The Quadruple Marker Test: When and Why Is It Performed in Pregnancy?

In this blog, we will discuss the Quadruple Marker Test, including what it is, when it is normally done during pregnancy and its importance in prenatal care.

Understanding the Quadruple Marker Test

A blood test called the Quadruple Marker Test sometimes referred to as the Quad Screen, is typically administered to pregnant women between the 16th and 21st week of their pregnancy. A sample of the mother’s blood is drawn for this non-invasive test, which will be used to examine particular markers or chemicals. The exam measures the following markers:

  • Alpha-fetoprotein (AFP): AFP is a protein made by the liver of the developing foetus and is present in amniotic fluid and the mother’s blood. A neural tube defect or an open abdominal wall defect may be indicated by abnormal AFP levels.
  • Human Chorionic Gonadotropin (hCG): The placenta produces the hormone hCG. While lower amounts may be linked to conditions like Edwards syndrome (Trisomy 18), elevated levels of hCG may indicate a higher risk of Down Syndrome. (Trisomy 21)
  • Unconjugated estriol (uE3): The placenta and the newborn both create estriol, a hormone. Several birth abnormalities and chromosomal problems have been connected to abnormal amounts of estriol.
  • Inhibin-A: The placenta produces the protein known as inhibin-A. Elevated Inhibin-A levels may be a sign of a higher risk of Down syndrome or other chromosomal disorders.

(Also Read: NIPT (Non-Invasive Prenatal Test): What to Expect? (

Why Is the Quadruple Marker Test Important?

The Quadruple Marker Test serves several important purposes in prenatal care:

  • Birth defect screening: This test’s main objective is to check for chromosomal abnormalities and common birth disorders including Down syndrome, neural tube problems, and some of the other common chromosomal problems.
  • Risk evaluation: The test estimates the baby’s risk for various conditions. An “abnormal” result doesn’t always mean the baby has a health problem, but it does suggest a higher risk and calls for additional testing.
  • Informed Decision-Making: The Quadruple Test results give expectant parents the knowledge they can use to make informed decisions. They can choose to undergo additional, more invasive tests, such as amniocentesis to confirm or rule out potential issues.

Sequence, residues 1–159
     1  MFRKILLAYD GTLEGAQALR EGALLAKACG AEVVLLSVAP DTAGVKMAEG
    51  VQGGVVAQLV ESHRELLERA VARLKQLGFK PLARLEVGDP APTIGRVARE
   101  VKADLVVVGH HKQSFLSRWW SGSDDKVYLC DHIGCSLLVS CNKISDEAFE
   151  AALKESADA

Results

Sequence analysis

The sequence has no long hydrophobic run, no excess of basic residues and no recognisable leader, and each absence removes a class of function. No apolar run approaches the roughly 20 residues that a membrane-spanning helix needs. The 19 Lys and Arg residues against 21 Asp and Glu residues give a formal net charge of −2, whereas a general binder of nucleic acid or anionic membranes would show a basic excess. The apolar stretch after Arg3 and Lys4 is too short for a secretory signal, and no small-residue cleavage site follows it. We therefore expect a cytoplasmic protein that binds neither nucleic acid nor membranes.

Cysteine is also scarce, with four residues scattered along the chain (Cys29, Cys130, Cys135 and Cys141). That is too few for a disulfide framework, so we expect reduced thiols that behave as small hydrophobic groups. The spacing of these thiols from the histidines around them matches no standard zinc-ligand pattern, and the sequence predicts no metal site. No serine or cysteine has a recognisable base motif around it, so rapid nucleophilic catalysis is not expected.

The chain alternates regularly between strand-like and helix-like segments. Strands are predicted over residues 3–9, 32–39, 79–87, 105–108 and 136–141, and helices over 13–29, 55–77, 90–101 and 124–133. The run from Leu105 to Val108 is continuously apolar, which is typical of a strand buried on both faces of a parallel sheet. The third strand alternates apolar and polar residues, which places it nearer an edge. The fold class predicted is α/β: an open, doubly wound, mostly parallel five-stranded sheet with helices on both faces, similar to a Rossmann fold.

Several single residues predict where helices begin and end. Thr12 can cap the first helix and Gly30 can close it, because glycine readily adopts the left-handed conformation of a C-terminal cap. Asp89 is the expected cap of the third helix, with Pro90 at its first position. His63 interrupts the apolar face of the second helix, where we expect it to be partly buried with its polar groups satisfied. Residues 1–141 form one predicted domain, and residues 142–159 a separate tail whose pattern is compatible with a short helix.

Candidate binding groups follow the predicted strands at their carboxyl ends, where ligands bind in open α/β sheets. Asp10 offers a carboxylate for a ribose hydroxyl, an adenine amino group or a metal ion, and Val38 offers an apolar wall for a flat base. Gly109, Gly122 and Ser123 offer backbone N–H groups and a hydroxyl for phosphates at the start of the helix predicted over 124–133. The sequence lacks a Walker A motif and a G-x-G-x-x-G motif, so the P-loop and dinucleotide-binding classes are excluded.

• Emotional Preparation: For some parents, knowing in advance about a potential health issue can be emotionally beneficial. If the test findings show a problem, it enables them to psychologically and emotionally get ready for the tough decisions they might have to take.

Interpreting Quadruple Marker Test Results

It’s important to note that the Quadruple Marker Test offers a screening, not a diagnosis. The results of the test are often identified as “low risk” or “high risk”, depending on whether the baby’s risk for specific conditions is normal or increased.

Remember that even if the results are abnormal, this does not necessarily mean that there’s a birth defect or genetic abnormality present. It simply suggests a higher likelihood, and that further diagnostic tests, such as amniocentesis may be recommended to provide a definitive diagnosis. Similarly, the “low risk” report also doesn’t mean that the baby is 100% not affected by these chromosomal problems. The most important point to remember is that this test has a detection rate of approx. 80 %.

In Conclusion

Expectant parents can evaluate their baby’s risk for common birth defects and chromosomal abnormalities with the Quadruple Test, a useful tool in prenatal care. Despite being a crucial part of prenatal screening, it’s crucial to keep in mind that this test only offers a probability or risk assessment, not a conclusive diagnosis. Consequently, if the Quadruple Marker Test findings are abnormal, fetal medicine consultants advise additional diagnostic tests.

Get the Quadruple Marker Test in Pune

Reach out to Dr. Tejas Tamhane, Fetal Medicine Consultant, to undergo a comprehensive Quadruple Marker Test in Pune, securing a healthy start for your baby.

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